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Once a Hero (The Serrano Legacy, #4)
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Once a Hero (The Serrano Legacy #4)

4.0 of 5 stars 4.00  ·  rating details  ·  3,236 ratings  ·  64 reviews
When Esmay Suiza found herself in the middle of a space battle, the senior surviving officer, she had no choice but to take command and win. She didn't want to be a hero, but Once A Hero....
Hardcover, 400 pages
Published 1997 by Baen Books
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Community Reviews

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Beth Cato
After a break, I'm continuing with the Serrano Legacy series by Elizabeth Moon. The first three books on Heris Serrano--though good--were a bit of a disappointment. I was pleased to find this book, continuing the series with a bit character from WINNING COLORS, was much better and more scifi opera in the style of her later Vatta's War series.[return][return]Esmay Suiza didn't intend to be a hero. But when her spaceship was captained by a traitor, she and others rose in mutiny. Esmay ended up as...more
This was the first of the Familias books I read, and in many ways the best. Not necessarily a good thing. In some ways, this book is an attempt to breathe new life into the series, leaving the played out tales of Heris Serrano behind and moving to a newer and less defined character. It suffers from having to do all the development work in a single book. There are a number of all-too-obvious foreshadowing elements, but these don't ruin the story. I enjoyed the book for what I enjoy other Moon boo...more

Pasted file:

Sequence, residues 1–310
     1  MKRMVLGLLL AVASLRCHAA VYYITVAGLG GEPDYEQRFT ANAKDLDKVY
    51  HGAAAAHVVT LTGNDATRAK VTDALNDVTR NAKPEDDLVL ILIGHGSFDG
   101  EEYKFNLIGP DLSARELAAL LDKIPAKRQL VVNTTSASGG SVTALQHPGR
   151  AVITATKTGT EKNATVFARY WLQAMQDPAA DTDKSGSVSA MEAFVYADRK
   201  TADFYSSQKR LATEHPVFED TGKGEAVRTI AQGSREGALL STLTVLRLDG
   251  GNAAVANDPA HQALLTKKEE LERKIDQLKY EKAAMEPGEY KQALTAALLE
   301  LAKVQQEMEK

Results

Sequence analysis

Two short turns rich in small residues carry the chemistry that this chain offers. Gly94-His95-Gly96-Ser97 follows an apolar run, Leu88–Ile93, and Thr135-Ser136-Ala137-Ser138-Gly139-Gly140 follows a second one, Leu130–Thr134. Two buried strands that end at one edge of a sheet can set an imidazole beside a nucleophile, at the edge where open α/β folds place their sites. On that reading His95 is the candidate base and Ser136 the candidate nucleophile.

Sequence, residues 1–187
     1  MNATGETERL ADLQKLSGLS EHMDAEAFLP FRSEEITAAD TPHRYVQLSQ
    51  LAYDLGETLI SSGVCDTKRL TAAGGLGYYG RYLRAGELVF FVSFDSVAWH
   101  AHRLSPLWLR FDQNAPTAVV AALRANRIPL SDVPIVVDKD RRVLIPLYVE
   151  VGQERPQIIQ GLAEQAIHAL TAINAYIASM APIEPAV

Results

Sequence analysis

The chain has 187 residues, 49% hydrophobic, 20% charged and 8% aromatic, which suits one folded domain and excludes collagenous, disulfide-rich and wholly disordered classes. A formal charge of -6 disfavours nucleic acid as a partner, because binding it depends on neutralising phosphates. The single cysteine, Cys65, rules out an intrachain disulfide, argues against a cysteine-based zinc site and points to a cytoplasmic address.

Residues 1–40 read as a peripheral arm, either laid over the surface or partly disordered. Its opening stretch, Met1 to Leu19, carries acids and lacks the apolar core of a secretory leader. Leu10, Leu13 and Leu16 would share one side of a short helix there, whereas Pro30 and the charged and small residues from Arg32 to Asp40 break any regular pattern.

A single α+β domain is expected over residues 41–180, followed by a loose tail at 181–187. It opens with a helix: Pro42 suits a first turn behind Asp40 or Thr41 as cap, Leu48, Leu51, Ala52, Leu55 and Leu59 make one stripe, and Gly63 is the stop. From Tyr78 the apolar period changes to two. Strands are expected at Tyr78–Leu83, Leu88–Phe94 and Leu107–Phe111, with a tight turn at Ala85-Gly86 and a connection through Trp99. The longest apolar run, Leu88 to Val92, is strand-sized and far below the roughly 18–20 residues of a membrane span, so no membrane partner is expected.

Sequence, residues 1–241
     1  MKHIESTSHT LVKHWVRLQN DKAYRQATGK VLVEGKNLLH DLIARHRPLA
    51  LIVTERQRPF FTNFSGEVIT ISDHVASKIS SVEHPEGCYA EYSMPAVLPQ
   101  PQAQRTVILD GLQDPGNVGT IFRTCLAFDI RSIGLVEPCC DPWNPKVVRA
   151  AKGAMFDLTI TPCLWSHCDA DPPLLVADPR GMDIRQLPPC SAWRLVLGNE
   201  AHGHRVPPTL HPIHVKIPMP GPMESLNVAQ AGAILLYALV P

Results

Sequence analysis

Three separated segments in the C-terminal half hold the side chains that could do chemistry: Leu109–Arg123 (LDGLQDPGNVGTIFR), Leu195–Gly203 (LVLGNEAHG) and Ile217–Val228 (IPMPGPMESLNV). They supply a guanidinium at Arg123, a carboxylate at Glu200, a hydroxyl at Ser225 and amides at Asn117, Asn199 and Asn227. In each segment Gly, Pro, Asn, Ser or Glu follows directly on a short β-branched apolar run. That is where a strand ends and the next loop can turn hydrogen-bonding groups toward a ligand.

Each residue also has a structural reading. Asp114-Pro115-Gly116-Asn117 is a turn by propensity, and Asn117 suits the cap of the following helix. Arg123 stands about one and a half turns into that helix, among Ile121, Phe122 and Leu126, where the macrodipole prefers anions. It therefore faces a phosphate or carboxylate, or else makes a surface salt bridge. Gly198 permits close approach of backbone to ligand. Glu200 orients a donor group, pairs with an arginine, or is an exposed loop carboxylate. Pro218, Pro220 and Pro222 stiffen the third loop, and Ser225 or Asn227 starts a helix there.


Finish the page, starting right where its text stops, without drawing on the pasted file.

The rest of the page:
I'm having a hard time reconciling the reviews for this book with this book. My standards for Space Opera are not especially high, but this thing is an incoherent mess.

It starts out as a military courtroom drama, referring back to the events of (I hope) another book. It morphs into a clumsy soldier returns home/ fish out of water story, turns into a military maintenance procedural before becoming a fairly unambitious actioner, before changing back into a trauma recovery story with a romance sta...more
As with too many military sci fi, this book uses sexual violence as a cop out for actual character depth.
This and the next three novels in the Serrano Legacy tell the story of Esmay Suiza, who is first introduced in the third novel, Winning Colours. Of the series, I personally prefer the Suiza novels which, whilst still sitting firmly in the space opera genre, also provide a bit of space adventure/action. Esmay is a dedicated and bright lieutenant, and certainly made for an interesting, engaging, and enjoyable character to read/follow.

However, I felt it did, on occasion, slightly stretch the bounds...more
Robert 'Rev. Bob'
Structurally, this book is kind of an odd duck. It functions both as a sequel to the Heris Serrano trilogy that precedes it and as the beginning of a new series that stars a different character. As such, there are a few sharp edges. I had read the first three books some time ago - long enough that I was essentially coming to this one cold - and as a result, the court-martial that takes up a large chunk of the beginning of this book felt both confusing and overlong. If I'd come into this book fre...more
I was at the bookstore last year and I asked a stranger to recommend something. This is the book he pulled off the shelf for me. The author is a woman with military experience, who is writing about a strong female character. Worth reading!

From Amazon